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Psychological Distress and Outcomes in Hip Preservation Patients (Hip)

The safety and scientific validity of this study is the responsibility of the study sponsor and investigators. Listing a study does not mean it has been evaluated by the U.S. Federal Government. Read our disclaimer for details. Identifier: NCT01550263
Recruitment Status : Active, not recruiting
First Posted : March 9, 2012
Last Update Posted : October 30, 2019
Information provided by (Responsible Party):
Stephen Aoki, University of Utah

Brief Summary:
This is an investigatory study to determine whether high levels of pre-operative psychological distress predict worse outcomes after hip preservation. This is a low risk study and does not alter the treatment or course of care for patients undergoing this procedure

Condition or disease
Psychological Distress

Detailed Description:
The correlation between increasing psychological distress and worsening surgical outcomes has been extensively documented in patients undergoing spine surgery. However, we have no reason to believe that patients with hip pathology are uniquely exempt from the influence of psychosocial factors. To our knowledge, no study has been done to evaluate the effect of pre-operative psychological distress on outcomes after hip preservation surgery. We therefore propose to use the DRAM to measure pre-operative distress in patients undergoing open or arthroscopic hip preservation surgery and to compare these pre-operative distress scores with post-operative outcomes. We hope the information we gain will allow clinicians to comprehensively evaluate the patient with hip pain and to make more informed choices about operative treatment.

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Study Type : Observational
Estimated Enrollment : 200 participants
Observational Model: Cohort
Time Perspective: Prospective
Official Title: Pre-Operative Psychological Distress and Post-Operative Outcomes in Hip Preservation Patients
Study Start Date : January 2012
Estimated Primary Completion Date : January 2021
Estimated Study Completion Date : January 2021

Primary Outcome Measures :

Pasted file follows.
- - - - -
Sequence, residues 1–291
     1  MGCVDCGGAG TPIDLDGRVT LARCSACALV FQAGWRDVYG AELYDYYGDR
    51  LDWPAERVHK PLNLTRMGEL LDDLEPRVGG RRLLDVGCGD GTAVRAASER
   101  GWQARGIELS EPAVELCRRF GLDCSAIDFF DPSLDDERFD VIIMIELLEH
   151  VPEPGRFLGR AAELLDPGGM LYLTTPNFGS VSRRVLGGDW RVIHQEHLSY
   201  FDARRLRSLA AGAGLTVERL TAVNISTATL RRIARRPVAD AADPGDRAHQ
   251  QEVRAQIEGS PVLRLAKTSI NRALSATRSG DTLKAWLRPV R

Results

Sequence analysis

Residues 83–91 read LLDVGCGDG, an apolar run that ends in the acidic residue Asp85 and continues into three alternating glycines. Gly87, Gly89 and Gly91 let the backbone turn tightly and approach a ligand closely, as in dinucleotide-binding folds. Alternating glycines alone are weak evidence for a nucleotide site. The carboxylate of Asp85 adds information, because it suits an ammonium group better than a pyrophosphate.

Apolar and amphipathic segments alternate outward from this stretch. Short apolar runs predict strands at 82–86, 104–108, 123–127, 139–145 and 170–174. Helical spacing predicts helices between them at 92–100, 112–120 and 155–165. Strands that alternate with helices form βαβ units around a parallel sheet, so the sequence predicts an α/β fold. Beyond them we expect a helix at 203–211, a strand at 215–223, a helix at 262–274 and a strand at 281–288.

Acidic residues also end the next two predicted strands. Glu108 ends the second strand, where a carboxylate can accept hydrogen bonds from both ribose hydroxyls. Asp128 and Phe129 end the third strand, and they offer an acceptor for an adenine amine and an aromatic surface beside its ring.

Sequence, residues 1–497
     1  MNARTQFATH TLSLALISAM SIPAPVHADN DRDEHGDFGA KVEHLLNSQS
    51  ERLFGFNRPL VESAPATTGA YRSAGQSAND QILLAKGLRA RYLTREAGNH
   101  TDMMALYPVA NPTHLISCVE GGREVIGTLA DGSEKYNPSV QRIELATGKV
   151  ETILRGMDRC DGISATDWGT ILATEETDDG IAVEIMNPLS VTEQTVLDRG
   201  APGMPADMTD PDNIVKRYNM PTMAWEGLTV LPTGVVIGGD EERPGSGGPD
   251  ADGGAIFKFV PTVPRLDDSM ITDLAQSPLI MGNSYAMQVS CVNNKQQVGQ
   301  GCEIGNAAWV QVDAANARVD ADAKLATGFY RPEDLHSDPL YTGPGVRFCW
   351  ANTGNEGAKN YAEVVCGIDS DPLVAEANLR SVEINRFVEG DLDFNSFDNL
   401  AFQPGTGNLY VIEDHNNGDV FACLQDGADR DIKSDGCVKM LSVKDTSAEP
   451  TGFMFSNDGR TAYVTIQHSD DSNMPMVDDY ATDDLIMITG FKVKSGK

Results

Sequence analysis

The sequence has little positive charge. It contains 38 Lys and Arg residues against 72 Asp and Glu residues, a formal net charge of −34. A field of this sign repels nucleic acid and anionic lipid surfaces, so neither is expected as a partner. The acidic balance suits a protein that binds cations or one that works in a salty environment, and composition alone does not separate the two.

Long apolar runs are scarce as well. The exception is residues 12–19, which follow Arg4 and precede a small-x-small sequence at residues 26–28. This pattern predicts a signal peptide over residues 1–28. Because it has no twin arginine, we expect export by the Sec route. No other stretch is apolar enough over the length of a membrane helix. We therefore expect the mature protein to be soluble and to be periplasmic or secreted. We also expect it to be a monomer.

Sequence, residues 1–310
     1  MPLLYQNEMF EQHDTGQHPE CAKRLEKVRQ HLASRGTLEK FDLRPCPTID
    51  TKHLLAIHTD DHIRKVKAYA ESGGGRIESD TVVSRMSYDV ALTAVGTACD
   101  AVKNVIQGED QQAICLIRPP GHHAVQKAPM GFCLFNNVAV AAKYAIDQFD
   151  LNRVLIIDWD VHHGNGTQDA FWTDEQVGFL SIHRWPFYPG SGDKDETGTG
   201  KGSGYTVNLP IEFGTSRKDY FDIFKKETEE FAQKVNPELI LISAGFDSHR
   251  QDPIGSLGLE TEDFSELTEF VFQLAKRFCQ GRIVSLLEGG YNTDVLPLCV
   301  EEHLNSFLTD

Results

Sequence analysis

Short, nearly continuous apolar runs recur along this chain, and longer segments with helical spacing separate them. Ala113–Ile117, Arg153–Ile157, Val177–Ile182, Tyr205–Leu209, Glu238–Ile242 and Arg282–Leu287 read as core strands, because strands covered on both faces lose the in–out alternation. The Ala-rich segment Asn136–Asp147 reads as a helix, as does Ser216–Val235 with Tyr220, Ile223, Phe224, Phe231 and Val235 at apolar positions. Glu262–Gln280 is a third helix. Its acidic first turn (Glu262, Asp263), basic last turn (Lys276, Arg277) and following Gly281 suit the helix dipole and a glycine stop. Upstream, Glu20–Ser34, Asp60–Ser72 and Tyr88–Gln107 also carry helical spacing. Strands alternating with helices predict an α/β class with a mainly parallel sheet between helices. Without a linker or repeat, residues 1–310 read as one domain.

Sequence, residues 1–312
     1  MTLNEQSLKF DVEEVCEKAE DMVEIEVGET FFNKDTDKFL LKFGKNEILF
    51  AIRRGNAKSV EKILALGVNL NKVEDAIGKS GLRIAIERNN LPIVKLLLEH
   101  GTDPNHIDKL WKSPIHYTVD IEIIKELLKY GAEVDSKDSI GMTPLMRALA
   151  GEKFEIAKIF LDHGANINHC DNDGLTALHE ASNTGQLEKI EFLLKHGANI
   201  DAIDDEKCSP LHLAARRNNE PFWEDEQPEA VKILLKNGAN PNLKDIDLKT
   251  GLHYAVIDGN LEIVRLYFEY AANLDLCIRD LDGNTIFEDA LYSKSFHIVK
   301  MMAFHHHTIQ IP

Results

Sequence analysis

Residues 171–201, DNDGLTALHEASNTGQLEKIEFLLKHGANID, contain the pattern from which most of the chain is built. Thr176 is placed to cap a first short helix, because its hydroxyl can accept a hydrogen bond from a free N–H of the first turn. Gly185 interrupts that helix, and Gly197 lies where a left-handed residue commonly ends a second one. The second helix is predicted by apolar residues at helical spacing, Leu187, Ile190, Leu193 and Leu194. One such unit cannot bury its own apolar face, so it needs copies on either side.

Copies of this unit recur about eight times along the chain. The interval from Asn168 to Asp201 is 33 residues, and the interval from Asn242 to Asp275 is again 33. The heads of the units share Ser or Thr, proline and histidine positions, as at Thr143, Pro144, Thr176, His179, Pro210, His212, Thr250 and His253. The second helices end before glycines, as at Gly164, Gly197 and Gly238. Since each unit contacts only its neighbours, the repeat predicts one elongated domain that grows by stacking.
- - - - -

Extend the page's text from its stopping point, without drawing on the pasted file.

1. Distress and Risk Assessment Method (DRAM) questionaire [ Time Frame: 1 year ]
    Distress and Risk Assessment Method (DRAM) questionaire to screen for psychological distress. The instrument defines four categories based on patients responses: Type N (normal; lower scores, no evidence of distress); Type R (at risk; higher scores, primarily in symptoms of depression); Type DD (distressed-depressive; higher scores on all variables, but very high on depressive symptomatology); and Type DS (distressed-somatic; higher scores on all variables, but very high on somatic awareness).

Information from the National Library of Medicine

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Ages Eligible for Study:   18 Years and older   (Adult, Older Adult)
Sexes Eligible for Study:   All
Accepts Healthy Volunteers:   Yes
Sampling Method:   Probability Sample
Study Population
Patients are selected by Dr. Aoki

Inclusion Criteria:

  1. Primary presenting complaint of hip pain
  2. Hip arthroscopy, surgical dislocation and debridement, and/or periacetabular osteotomy performed by Dr. Aoki or Dr. Peters for hip pathology diagnosed by history, clinical examination and/or imaging

Exclusion Criteria:

  1. Unable to complete the DRAM questionnaire
  2. Patients who do not undergo surgery

Information from the National Library of Medicine

To learn more about this study, you or your doctor may contact the study research staff using the contact information provided by the sponsor.

Please refer to this study by its identifier (NCT number): NCT01550263

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United States, Utah
Orthopaedic Center
Salt Lake City, Utah, United States, 84108
Sponsors and Collaborators
University of Utah
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Principal Investigator: Stephen K Aoki, MD Orthopaedic Center
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Responsible Party: Stephen Aoki, M.D., University of Utah Identifier: NCT01550263    
Other Study ID Numbers: 48948
First Posted: March 9, 2012    Key Record Dates
Last Update Posted: October 30, 2019
Last Verified: October 2019
Keywords provided by Stephen Aoki, University of Utah:
Hip Preservation
Hip Arthroscopy
Hip Pain
Psychological distress